Tag Archives: Cocktail History

The Moscow Mule is Older than You Think…

Have you ever had an idea that you were sure would pan out? Well Russian citizen Sophie Berezinski thought in 1941 that cute little mugs made out of copper would be a hit, so she used her father’s copper factory to get 2,000 of them fabricated.

When nobody in all of Russia wanted a stupid copper cup, Sophie emigrated to America to try and sell her 2,000 mugs. Apparently, Los Angeles did not have much interest in copper drinking vessels, either.

After passing the point of despair in hoping to ever find a profitable home for her copper mugs, fate caught up with Sophie at the Cock ‘n’ Bull pub. There she met two other failing entrepreneurs. John Martin’s Smirnoff distillery was floundering, and the Cock ‘n’ Bull’s proprietary ginger beer was also not selling.

Thus, as the three of them sat down and made a cocktail combining products from their 3 near-bust businesses, the Moscow Mule was invented in 1941, and the damn copper mug served no purpose but a marketing ploy.

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Whiskey + 1941 A.D. = Aspirin

Those of us who enjoy cocktails owe a debt of gratitude to the medical community. Be it straight out of the bottle or infused with herbs, for thousands of years doctors and healers have turned to alcohol for treatment of all manner of disorders.

Somewhere along the line people started enjoying the feeling that herb-infused medicinal alcohol afforded, and when mixed with wine birthed the grandfather of Vermouth.

More recently, in 1941 Dr. Harold George Wolff of Cornell University declared that, “Whiskey is one of the cheapest and best painkillers known to man.” According to his studies, 2 ounces of whiskey would increase human threshold for pain by 45% for 2 hours.

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‘Claret Snaps’ are Red Wine Floats!

In mid 19th century Americans loved floating red wine on top of a cocktail as a garnish. A splash of vino on top of a drink provides a nice aromatic effect without really tasting like wine.

Regardless of what type is used this is known as a “Claret snap”.

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Originally, the Mint Julep Was Not A Whiskey Cocktail

Every year as the Kentucky Derby approaches blogs aplenty post classic & nouveaux recipes for the Mint Julep. It is a thoroughly refreshing summertime cocktail of bourbon, sugar, water, and mint leaves.

However, it originally was made with Cognac. Whiskey only became associated with the Mint Julep when the French Phylloxera Blight and the American Civil War deprivations made Cognac difficult to come by, in North America.

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The Old Fashioned Cocktail Originally had a Confusing Name

As David Wondrich argues in Imbibe! the evolution of the cocktail began with the simple combination of alcohol & medicinal herbs, and ultimately culminates in the Old Fashioned: humanity’s first true cocktail.

Today we refer to it as an Old Fashioned, but originally when you wanted to order one you would ask the barkeep for a Cocktail. As time went on bartenders fiddled with the recipe and fancied it up in a thousand different ways.

When persnickety ‘Cocktail’ drinkers grew tired of the new manifestations of their favorite drink they would order an, “Old Fashioned Cocktail, dadgumit!” Later on the word cocktail would come to refer to any mixed drink.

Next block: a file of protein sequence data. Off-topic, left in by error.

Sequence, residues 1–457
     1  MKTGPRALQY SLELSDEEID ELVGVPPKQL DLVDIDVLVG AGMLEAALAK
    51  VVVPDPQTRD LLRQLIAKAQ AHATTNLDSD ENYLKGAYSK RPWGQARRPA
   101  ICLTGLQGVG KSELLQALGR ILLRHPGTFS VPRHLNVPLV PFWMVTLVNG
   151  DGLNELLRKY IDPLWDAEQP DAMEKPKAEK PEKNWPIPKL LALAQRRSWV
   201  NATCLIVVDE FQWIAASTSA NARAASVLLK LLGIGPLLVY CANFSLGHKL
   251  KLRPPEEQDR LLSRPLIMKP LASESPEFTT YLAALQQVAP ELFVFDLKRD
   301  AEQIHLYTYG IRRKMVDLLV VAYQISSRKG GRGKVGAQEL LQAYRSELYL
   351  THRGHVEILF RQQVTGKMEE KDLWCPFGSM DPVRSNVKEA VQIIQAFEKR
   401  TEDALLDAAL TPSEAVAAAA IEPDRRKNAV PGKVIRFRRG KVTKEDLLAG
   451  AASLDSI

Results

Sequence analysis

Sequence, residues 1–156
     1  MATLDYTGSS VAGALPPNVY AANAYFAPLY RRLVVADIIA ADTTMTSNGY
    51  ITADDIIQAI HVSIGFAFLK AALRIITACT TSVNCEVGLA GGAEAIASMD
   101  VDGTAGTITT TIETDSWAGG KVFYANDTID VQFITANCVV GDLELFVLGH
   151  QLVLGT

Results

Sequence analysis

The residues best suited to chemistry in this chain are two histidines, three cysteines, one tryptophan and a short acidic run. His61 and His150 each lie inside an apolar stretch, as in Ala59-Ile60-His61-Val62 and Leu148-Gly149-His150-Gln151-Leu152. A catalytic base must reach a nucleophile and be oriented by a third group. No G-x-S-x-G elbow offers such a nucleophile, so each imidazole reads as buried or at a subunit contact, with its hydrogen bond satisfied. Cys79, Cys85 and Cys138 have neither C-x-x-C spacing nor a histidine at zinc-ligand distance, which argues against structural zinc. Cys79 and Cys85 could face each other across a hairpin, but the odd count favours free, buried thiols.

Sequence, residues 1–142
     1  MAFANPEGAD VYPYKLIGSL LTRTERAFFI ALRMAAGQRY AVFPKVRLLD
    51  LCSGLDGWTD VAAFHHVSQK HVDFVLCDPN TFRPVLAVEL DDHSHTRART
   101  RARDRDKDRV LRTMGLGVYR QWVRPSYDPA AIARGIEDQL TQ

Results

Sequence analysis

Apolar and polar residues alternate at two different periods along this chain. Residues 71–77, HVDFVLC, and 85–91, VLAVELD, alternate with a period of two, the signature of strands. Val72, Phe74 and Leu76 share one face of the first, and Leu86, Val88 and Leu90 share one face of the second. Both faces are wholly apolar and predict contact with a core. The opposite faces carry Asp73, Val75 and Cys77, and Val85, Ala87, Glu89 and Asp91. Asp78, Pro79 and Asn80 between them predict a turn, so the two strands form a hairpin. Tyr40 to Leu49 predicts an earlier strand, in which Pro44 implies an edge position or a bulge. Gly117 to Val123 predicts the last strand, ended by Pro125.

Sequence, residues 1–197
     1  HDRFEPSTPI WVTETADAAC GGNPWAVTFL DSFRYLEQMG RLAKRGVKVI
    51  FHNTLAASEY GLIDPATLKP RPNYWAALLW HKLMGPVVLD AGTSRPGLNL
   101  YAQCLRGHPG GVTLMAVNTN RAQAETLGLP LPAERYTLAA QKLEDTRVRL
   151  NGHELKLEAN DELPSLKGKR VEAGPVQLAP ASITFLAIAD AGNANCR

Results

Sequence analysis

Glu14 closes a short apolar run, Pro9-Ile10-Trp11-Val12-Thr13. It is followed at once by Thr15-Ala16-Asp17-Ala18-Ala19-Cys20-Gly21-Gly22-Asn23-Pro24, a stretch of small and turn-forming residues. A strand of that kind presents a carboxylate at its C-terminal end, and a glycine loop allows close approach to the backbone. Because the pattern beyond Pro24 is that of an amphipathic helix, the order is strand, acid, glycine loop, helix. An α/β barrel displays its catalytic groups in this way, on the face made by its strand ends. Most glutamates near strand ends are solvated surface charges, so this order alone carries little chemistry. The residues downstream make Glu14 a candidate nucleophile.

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The True Origins of the Moscow Mule

The Moscow Mule craze hit the United States 2 years ago. People went crazy for that tart & refreshing Ginger-Lime-Vodka combination that needs to come in a copper mug in order to taste right.

The only problem is that the Moscow Mule craze actually hit the U.S. 78 years ago in 1941. Oh, and the “need” for a copper mug originated as a marketing gimmick.

Three entrepreneurs literally sat around drinking to the woes of their failing businesses: ginger beer, the Smirnoff distillery, and in ill-advised copper mug investment. When they asked the bartender to mix a drink with their products (ginger beer and vodka) the Moscow Mule was born, and since the copper-mug-guy was there they decided to claim that the drink ought to be served in one.

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19th Century Trolling

The Moral ‘Suasion (1842)

  • 2.0 oz.- Peach Brandy
  • 2.0 tsp.- Cognac
  • 1.0 tsp.- Curaçao
  • 1.0 tsp.- Sugar
  • 0.5 oz.-  Benedictine
  • 0.5 oz.- Lemon Juice

Before Prohibition people who wanted alcohol outlawed for being the root of evil in our country openly clashed and argued with people who appreciated the ability to imbibe as they pleased.

Back before people got their news from platforms like Snapchat they read something called newspapers. Newspapers were very widely observed, and much like on social media today peoples’ feathers got egregiously ruffled when other people would publicly print some severe 19th century smack talk.

In 1842 the, “indomitable foe of alcohol,” Dr. Charles Jewett of Boston printed his dour opinion of a bar owned by Peter Brigham. This incensed Brigham, whose next course of action was to create a line of cocktails (including one called “The Moral ‘Suasion”) specifically to mock a temperance crusader who maligned his bar via print.

The Moral ‘Suasion purported to be so alluring that even the teetotaling likes of Dr. Jewett would appreciate a good quaff.


The Moral ‘Suasion (1842)

  1. Shake all ingredients except the Cognac.
  2. Strain into a glass with fresh ice.
  3. Float the Cognac on top.
  4. Garnish with Strawberries and slices of Orange, Lemon, and Pineapple.

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